Airbus, and now air taxi

image: © Airbus Group

Airbus is developing a self-piloting flying taxi, or ‘an autonomous flying vehicle platform for individual passenger and cargo transport’.

Flight tests of the prototype, which is not yet built, are planned at the end of 2017. The project, called Vahana, is spearheaded by Airbus’s Silicon Valley innovation centre, A3. Project executive, Rodin Lyasoff, says the system could operate similarly to car-sharing applications, such as Uber or Lyft, using smartphones to book a vehicle. ‘We believe that global demand for this category of aircraft can support fleets of millions of vehicles worldwide,’ Lyasoff says.

Airbus set up A3 (A cubed) in December 2015 asan organization optimized for speed of execution and tolerance of risk, while maintaining strong linkages to the Airbus Group core businesses’. Airbus says the Vahana project has been ‘officially underway since February 2016,’ that design has been selected, and that work on building and testing vehicle subsystems is beginning.

Another project in Singapore, named Skyways, will run a trial of delivery drones over the country’s national university campus next year.

In a separate project, developers in France and Germany at Airbus helicopters (formerly Eurocopter), are working on an electrically operated platform concept for multiple passengers. The vehicle, known as CityAirbus, would have multiple propellers and also resemble a small drone in its basic design.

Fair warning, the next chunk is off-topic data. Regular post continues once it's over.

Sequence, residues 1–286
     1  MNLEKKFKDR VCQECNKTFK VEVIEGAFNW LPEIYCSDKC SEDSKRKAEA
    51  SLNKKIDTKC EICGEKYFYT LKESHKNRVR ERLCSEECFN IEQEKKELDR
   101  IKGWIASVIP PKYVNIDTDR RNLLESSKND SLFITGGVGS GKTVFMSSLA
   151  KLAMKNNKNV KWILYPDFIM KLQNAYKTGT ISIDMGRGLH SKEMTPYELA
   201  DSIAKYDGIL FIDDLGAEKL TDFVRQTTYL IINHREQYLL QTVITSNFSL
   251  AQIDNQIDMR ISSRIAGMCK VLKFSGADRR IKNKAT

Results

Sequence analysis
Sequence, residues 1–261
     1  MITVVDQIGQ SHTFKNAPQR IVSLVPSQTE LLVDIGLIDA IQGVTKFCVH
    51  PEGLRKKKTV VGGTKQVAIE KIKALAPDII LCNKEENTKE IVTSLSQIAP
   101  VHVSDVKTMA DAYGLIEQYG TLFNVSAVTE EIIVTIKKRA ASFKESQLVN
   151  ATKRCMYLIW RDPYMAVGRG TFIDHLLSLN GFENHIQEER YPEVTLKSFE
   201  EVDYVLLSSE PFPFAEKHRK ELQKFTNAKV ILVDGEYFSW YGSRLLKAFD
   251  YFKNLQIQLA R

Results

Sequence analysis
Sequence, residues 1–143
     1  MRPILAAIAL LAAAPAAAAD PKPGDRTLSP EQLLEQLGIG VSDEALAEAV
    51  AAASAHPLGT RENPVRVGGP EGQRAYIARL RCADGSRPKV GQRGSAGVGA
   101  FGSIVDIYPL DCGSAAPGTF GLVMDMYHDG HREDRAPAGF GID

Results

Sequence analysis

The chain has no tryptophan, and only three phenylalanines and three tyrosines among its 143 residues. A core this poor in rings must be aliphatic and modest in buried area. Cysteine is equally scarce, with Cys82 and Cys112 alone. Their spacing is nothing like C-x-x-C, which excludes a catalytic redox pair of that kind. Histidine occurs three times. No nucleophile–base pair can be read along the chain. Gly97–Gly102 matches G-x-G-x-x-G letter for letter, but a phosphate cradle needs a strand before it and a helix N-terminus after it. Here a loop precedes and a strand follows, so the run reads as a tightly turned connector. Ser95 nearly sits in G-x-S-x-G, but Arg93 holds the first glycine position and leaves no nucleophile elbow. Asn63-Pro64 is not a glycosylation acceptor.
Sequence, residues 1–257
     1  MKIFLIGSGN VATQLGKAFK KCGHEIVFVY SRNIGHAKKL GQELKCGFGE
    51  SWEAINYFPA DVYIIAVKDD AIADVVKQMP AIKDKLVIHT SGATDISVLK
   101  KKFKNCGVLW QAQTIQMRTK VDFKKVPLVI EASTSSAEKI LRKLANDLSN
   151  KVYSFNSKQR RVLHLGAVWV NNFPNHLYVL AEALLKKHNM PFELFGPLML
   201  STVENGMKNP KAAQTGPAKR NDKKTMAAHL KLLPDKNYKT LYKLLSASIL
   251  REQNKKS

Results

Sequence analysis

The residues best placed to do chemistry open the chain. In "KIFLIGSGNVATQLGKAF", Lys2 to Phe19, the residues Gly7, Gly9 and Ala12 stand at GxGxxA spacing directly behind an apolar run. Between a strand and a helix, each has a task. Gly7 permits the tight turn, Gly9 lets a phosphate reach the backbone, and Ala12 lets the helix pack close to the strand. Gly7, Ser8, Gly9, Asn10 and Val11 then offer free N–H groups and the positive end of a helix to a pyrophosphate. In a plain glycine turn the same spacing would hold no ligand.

Airbus says the vehicle at first would be operated by a pilot to allow for quick entry into the market, but eventually would switch over to full autonomous operations once regulations are in place.

Airbus Silicon Valley executive, Matthieu Repellin, said several key enabling technologies for electric air vehicles were maturing. ‘The energy density of batteries is increasing. Sensors are becoming lighter. Processing capabilities are improving. And software to make such vehicles is progressing rapidly,’ he said.

He said electric air vehicles would be similar to self-driving cars, and like them, would overcome regulatory and perception barriers.

The traditional car industry had said exactly the same thing about self-driving cars as was now being said about electric air vehicles, he said. ‘And what do we see now on the road? Google cars. Regulations are only a temporary barrier to entry. Projects such as Skyways and Vahana will help make such obstacles disappear someday.’




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